I remember hearing about the apocryphal story about doubling grains of rice on a chessboard. I even tried writing powers of 2 (which at my age then just meant adding `2+2`

then `4+4`

etc).

{% img center http://britton.disted.camosun.bc.ca/firdau1.jpg %}

This is obviously the `e^x`

curve, but when you normally see it drawn its self-similarity is not obvious. Mathematica’s `Manipulate`

function can help in this regard …

```
Manipulate[ListPlot[Table[Power[2, i], {i, 1, n}]], {n, 1, 64}]
```

{% img center http://farm3.staticflickr.com/2853/12244178256_251f9fcfae_d.jpg %} {% img center http://farm6.staticflickr.com/5496/12243600435_e6faac3bbb_d.jpg %} {% img center http://farm6.staticflickr.com/5547/12244178226_2258c2c2ce_d.jpg %} {% img center http://farm3.staticflickr.com/2882/12243785163_3822d7299b_d.jpg %} {% img center http://farm8.staticflickr.com/7332/12243785183_6243378edf_d.jpg %}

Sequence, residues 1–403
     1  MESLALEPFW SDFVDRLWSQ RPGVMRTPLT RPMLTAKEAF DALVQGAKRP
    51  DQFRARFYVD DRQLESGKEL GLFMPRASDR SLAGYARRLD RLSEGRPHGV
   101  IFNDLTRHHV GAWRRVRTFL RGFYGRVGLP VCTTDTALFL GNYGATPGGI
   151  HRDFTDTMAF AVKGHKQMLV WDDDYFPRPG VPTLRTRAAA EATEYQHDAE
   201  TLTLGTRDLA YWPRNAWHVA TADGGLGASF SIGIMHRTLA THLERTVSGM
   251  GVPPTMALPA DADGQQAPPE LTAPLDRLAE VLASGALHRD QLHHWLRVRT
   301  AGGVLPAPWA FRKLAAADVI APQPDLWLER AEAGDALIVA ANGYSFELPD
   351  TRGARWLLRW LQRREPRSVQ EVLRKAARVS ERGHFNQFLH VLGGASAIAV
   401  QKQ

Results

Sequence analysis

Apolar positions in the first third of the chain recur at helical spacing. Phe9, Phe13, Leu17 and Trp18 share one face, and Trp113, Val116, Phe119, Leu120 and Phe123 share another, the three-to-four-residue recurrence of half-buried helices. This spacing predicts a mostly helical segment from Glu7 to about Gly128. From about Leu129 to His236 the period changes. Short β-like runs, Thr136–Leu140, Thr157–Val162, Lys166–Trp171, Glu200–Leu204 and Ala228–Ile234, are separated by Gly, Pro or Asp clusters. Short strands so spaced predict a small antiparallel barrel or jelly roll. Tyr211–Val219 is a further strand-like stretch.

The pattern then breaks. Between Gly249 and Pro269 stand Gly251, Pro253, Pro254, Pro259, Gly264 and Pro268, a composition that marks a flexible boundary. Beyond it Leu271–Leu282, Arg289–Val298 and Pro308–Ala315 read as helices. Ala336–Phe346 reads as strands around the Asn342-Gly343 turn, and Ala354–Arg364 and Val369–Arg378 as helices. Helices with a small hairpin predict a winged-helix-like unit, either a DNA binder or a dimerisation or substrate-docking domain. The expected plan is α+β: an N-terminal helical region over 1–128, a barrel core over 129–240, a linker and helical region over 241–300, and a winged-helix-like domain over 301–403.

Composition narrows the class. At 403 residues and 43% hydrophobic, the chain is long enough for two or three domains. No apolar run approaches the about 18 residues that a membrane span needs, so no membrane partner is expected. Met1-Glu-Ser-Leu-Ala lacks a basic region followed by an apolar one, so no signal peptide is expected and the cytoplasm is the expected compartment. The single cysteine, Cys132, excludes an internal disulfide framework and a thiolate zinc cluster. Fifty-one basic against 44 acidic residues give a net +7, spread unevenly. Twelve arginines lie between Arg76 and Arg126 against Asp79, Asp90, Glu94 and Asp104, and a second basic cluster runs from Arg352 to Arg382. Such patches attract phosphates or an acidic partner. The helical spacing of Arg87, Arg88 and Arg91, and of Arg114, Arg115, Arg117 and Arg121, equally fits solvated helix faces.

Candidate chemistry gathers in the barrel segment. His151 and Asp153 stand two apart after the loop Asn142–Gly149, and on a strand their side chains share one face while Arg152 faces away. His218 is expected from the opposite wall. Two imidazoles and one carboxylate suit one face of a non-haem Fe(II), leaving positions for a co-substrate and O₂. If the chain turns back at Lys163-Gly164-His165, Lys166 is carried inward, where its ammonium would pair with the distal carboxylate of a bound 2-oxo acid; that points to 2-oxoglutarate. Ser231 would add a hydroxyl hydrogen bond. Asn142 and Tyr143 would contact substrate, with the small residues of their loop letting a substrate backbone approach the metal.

These are screenshots for increasing values of `n`

: Note how they all look the same (except for the first one, where the curve is just starting out), over several orders of magnitude!